So here we are on the first day after Daylight Saving Time and if you’re dragging a little as you read this, you’re not alone!
But if you have little ones, you know sleep patterns can be a problem no matter the season or time of year.
Helping your kids get a better night of sleep
Follow this advice to help your children adjust to the time change:
Beware of the blue light, and get some sunlight instead!
The blue light from the many screens in our lives could be a possible cause of interrupted sleep patterns. Aim to minimize screen time after school, and be sure your child gets plenty of physical activity. With the nicer weather, now is a great time to play outdoors. That should wear them out and make better sleep more likely!
Consider revising bedtime
The National Sleep Foundation recommends that children ages 3 to 5 get 11 to 13 hours of sleep each night, while children ages 6 to 13 years need 9 to 11 hours of sleep nightly.
Find the optimal room temperature
According to Dr. Christopher Winter, medical director at Charlottesville Neurology & Sleep Medicine, the temperature in a bedroom should be between 60 and 67 degrees Fahrenheit for optimal sleep. Winter says any temperature above 75 degrees and below 54 degrees can disrupt sleep.
Let your child sleep with the family pet
According to CBS News, a recent survey of 150 sleep center patients “found that more than half of pet owners allowed their pets to sleep in the bedroom.” While one in five of those studied said their pet was disruptive, 41% said their pets may even be beneficial to their sleep.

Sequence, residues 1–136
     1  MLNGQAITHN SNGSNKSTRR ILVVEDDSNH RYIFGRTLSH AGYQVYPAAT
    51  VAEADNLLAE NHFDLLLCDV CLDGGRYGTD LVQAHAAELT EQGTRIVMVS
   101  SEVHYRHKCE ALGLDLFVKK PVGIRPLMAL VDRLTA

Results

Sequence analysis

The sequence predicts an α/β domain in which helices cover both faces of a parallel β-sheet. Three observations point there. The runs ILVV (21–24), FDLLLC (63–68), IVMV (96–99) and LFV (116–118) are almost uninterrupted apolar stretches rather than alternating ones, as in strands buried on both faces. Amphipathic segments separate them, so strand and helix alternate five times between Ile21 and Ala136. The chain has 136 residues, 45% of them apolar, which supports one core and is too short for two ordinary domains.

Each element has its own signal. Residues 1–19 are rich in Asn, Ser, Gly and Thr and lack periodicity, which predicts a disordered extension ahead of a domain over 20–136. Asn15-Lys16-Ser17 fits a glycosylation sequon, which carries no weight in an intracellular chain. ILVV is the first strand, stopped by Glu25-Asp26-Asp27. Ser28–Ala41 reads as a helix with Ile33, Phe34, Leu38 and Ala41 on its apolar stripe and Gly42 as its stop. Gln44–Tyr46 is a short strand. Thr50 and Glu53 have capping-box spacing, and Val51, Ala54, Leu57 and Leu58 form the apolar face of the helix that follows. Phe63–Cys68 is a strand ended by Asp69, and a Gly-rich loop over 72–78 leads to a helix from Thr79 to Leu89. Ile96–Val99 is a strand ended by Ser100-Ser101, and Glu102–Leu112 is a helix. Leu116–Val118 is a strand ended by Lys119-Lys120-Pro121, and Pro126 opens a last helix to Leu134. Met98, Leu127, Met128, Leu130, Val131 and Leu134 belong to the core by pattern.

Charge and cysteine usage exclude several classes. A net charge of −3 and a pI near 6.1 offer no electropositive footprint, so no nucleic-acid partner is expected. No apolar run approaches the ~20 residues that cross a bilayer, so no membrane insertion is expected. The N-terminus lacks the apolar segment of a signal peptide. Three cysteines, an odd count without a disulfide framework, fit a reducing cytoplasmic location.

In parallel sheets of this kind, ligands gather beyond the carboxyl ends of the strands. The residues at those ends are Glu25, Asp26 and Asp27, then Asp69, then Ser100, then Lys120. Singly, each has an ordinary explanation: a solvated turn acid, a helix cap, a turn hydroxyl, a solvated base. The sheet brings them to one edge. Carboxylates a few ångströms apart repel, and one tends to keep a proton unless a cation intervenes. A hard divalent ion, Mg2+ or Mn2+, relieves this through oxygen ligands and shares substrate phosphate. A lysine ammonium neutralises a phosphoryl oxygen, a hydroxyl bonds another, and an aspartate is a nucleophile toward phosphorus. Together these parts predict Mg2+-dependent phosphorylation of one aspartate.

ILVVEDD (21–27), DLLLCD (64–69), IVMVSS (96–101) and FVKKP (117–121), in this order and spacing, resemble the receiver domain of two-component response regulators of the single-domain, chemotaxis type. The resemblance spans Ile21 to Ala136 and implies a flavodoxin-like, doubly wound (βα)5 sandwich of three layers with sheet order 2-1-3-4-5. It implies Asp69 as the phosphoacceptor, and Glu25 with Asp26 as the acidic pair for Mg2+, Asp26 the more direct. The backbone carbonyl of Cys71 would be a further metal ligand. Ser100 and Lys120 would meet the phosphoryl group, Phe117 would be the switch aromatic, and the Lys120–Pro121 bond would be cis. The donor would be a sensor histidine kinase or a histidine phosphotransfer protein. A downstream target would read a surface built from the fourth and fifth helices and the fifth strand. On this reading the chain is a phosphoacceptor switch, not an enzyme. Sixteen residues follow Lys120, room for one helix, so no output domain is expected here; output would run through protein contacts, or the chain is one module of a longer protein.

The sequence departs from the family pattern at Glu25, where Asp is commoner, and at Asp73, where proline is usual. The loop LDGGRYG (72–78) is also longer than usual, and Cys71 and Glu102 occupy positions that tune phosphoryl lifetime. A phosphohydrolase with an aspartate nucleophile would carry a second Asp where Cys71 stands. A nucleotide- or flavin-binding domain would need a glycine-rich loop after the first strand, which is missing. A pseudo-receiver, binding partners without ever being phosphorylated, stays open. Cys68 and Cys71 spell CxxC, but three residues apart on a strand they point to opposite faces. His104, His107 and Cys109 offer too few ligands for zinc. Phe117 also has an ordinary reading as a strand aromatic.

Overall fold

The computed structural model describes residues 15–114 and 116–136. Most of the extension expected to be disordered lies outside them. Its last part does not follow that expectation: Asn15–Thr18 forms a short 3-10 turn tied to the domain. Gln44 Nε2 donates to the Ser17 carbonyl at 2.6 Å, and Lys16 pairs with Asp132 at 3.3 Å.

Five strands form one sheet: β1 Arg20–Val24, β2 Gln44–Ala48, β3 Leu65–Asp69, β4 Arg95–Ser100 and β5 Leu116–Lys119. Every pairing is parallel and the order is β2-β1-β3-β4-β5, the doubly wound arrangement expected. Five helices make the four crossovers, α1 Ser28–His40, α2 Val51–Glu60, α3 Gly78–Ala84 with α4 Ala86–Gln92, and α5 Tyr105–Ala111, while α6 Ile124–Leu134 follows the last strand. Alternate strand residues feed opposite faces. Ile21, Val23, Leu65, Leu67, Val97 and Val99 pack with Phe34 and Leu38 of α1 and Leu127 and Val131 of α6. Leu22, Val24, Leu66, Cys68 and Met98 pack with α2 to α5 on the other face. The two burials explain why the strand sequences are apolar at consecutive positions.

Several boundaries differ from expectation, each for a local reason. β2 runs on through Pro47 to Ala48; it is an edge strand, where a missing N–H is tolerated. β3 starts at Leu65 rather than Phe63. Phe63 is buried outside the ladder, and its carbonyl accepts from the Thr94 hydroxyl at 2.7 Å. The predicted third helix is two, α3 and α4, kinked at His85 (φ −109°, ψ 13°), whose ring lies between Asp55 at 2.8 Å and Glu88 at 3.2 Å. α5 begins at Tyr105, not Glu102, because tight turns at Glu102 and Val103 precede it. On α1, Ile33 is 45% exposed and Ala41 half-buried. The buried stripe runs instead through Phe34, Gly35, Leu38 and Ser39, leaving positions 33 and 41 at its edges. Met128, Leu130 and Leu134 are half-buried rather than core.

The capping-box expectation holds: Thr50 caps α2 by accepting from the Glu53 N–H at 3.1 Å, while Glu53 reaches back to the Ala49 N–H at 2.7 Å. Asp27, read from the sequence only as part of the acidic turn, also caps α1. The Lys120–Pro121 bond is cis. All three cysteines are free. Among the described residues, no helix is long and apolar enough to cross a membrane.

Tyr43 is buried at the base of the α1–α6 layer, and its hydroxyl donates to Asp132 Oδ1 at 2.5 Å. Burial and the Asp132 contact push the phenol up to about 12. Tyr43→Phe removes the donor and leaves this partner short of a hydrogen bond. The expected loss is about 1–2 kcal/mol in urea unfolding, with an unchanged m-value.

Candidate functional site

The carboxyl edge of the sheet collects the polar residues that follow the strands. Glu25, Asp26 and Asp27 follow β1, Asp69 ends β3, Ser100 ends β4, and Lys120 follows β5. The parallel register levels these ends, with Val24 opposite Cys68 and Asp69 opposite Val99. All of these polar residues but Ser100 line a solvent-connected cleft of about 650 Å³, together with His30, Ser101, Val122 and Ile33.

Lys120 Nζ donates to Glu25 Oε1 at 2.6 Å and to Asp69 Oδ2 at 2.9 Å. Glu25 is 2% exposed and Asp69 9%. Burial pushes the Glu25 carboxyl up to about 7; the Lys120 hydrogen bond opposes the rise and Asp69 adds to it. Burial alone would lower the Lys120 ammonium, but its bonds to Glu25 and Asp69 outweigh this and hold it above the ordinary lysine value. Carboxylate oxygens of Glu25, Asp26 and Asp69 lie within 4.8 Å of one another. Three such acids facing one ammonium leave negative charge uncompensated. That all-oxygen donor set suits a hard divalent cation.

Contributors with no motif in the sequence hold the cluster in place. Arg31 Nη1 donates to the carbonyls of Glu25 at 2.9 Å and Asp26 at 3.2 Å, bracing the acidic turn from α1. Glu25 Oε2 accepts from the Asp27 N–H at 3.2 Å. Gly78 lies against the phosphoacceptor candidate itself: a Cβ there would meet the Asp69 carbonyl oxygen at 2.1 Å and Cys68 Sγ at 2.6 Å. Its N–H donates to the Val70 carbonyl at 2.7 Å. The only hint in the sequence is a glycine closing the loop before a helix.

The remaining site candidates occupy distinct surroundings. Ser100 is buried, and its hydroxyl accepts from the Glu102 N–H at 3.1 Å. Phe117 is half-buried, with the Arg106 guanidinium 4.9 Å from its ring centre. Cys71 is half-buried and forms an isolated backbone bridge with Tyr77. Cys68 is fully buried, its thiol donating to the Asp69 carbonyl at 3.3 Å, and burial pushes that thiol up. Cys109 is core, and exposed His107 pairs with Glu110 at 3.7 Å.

‘If having a pet nearby helps them feel relaxed and gives them a sense of security, which permits them to fall asleep with less difficulty, then I think that is something that does deserve attention,’ Dr. Lois Krahn, who led the study, told CBS News. The study did not take into consideration factors such as a pet’s sleeping habits, cleanliness, breed or size.
Ban screens from your child’s bedroom
Parents often wonder how to control their children’s use of the Internet, tablet, phone, game machine, smart TV and whatever device comes along next. Here’s one possible solution: For $99, there’s a device called Screen that works with all the electronics that your kids may have. You are able to control what they do, how much time they have on multiple screens and more. Once they reach their allotment of daily screen time, this service will shut their device down cold.
Screen manages unlimited cell phones, tablets and computers. The Screen app on your phone also connects with the TV, cable box and game system, in addition to pairing with all PCs, tablets and mobile phones on your family account. It’s a great way to make sure your child isn’t sneaking screen time after the lights go out. Visit GetScreen.com for more details.
Make sure you have the right mattress
The correct mattress can make all the difference when it comes to the quality of your child’s sleep — or yours for that matter! Fortunately, the right mattress doesn’t have to break the bank. Quality options can start as low as a few hundred dollars.
Track your child’s sleep (or yours) with an app
According to the National Sleep Foundation, getting enough sleep is directly connected to better health. We all know it’s important to get a good night’s rest. However, sleep can be elusive for many people. As many as 9 million Americans take medication to help them sleep at night. But there are solutions other than just pharmaceutical ones! So if you haven’t been getting the best sleep lately, check out these apps that can help!
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